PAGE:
On the other hand, just as a tree with weak or damaged roots may struggle to thrive, or even survive, an organization with poor internal communication practices may find that its employees feel disconnected and unmotivated. Without effective communication channels, employees may feel overlooked, confused, or uninformed, leading to feelings of frustration and disengagement.
7 ways you can leverage internal communications to boost employee engagement
Employee engagement strategies are clearly good for business. That’s why organizations that prioritize internal communications as a strategic tool can foster a positive work culture, improve employee satisfaction, and boost overall productivity.
Here are seven expert tips on how to use internal communications to create a more engaged and motivated workforce.
1. Use a social intranet platform
While an internal newsletter might be an easy way to share important, company-wide information to your employees, it’s usually not the most engaging. And a lot of the times internal emails get lost in employees’ inboxes, are harder to track, and generate awkward reply-all mishaps.
Whether your employees work at the office or remotely, having an intranet or internal communications platform is the perfect way to keep everyone connected to the company.
Intranet platforms, like Happeo, provide a centralized platform that facilitates communication and collaboration among employees. These platforms can provide a space for employees to get the latest news that matter to them, share ideas, collaborate on projects, and connect with each other.
2. Schedule regular one-on-one meetings
One-on-one meetings are considered one of the most effective forms of internal communications because they provide personalized attention, customized feedback, active listening, and relationship building.
Ensure that your managers schedule monthly one-on-one meetings with their team members - especially remote employees - to align on goals, key tasks, check on progress and see if there are any obstacles. If you can, schedule weekly 15-minute meetings with each employee to keep them feeling connected to the team.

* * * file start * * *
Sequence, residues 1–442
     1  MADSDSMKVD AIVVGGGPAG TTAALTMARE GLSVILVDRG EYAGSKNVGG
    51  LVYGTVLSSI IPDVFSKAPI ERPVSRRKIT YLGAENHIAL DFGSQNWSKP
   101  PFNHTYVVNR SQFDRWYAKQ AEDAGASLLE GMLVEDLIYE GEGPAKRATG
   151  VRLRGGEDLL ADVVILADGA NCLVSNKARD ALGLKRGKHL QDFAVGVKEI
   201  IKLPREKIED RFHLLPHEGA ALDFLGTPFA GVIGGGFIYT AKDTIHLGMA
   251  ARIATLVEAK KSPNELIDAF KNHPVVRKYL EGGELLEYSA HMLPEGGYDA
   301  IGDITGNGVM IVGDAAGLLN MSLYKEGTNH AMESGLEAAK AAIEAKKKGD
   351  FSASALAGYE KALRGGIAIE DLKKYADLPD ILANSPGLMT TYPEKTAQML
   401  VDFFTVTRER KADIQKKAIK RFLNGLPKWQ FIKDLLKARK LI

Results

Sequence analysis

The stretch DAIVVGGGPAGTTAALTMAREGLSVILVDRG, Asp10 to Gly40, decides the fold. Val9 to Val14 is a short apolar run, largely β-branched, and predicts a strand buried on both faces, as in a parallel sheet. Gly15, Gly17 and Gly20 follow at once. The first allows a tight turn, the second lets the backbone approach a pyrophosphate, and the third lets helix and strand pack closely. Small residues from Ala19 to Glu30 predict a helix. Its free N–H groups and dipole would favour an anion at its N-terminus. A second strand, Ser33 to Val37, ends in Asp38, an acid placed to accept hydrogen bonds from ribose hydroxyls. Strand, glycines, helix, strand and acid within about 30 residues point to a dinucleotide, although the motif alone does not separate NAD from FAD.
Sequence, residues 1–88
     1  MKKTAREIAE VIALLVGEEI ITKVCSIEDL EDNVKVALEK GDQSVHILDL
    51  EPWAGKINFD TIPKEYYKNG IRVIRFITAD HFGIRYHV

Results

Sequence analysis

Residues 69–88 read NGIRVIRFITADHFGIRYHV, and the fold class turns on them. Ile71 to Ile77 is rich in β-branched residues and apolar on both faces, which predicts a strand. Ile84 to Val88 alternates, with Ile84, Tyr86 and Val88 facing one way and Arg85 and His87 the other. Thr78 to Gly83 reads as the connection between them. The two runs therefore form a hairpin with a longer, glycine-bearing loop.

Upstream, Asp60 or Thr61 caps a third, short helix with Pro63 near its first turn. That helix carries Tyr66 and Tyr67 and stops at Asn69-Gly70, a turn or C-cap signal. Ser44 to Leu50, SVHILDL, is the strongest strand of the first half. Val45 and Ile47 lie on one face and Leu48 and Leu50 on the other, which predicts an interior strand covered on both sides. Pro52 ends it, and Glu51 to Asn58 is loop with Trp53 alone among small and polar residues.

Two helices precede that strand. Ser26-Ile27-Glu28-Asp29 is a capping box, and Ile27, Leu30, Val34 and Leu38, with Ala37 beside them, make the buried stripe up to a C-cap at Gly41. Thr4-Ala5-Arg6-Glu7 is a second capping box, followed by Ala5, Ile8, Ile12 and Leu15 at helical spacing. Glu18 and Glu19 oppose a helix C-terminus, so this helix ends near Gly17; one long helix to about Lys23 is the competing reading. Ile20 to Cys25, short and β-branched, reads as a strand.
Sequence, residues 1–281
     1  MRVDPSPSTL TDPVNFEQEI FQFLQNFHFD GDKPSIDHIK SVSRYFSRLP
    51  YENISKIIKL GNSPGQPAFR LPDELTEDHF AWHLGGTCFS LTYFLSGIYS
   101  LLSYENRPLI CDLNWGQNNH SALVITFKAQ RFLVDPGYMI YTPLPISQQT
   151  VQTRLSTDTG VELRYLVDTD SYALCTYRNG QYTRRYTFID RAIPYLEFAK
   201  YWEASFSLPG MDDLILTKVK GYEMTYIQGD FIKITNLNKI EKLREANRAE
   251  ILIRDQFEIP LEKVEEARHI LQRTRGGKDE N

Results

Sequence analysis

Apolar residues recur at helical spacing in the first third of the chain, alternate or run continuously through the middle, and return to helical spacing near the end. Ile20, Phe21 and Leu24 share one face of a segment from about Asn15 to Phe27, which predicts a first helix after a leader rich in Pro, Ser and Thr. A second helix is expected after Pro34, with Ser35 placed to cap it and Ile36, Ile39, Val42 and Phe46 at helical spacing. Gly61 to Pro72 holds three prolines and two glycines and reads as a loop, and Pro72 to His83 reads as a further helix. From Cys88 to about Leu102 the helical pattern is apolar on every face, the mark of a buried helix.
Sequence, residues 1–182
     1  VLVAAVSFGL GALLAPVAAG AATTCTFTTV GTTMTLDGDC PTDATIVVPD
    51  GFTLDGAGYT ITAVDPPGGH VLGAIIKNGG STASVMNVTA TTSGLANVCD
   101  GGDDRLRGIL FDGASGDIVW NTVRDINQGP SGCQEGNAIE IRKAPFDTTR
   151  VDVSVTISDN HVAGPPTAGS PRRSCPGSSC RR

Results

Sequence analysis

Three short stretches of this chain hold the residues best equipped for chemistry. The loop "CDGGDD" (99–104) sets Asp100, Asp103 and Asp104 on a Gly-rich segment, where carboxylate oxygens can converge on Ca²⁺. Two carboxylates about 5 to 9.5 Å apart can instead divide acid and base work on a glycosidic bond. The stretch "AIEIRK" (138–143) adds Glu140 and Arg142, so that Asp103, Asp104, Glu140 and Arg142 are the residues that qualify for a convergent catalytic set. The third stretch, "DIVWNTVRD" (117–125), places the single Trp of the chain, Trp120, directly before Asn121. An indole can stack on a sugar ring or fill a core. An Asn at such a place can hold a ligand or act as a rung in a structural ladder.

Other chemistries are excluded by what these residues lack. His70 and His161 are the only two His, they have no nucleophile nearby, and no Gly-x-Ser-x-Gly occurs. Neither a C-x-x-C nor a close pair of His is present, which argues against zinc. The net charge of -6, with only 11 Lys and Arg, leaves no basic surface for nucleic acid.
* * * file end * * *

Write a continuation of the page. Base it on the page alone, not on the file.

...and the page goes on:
These meetings give managers the opportunity to receive valuable feedback while understanding the needs and concerns of their employees. There are a variety of topics that can be covered during one-on-one meetings, including:
- What are your goals and priorities this week? Any blockers?
- How satisfied are you with company communications?
- What can we do to make your job more efficient?
- How do you feel about your work-life balance right now?
If your team predominantly works remotely, you can host meetings virtually on an intranet platform like Happeo. Most intranet tools feature elements such as discussions and enable you to share surveys where managers can ask questions and record meeting points.
3. Make town hall meetings part of your company culture
Town hall meetings, also known as all-hands meetings or employee forums, are gatherings where all employees come together to discuss various topics related to your company’s strategy, policies, and goals.
Town hall meetings can boost employee engagement by involving employees in the decision-making process and making them feel valued and heard. When employees are given the opportunity to voice their opinions, ask questions, and contribute to discussions, it can help them feel more connected to the company and its goals.
If your workforce is spread around the world, you could host and distribute the town hall recordings via an intranet platform. You can also make use of channels or discussion pages to ask and capture questions before and after the sessions.
4. Implement an employee reward program
Employee recognition programs acknowledge and reward employees for their contributions and achievements. Rewards could include career coaching and professional development opportunities, or financial benefits such as bonuses and gift cards.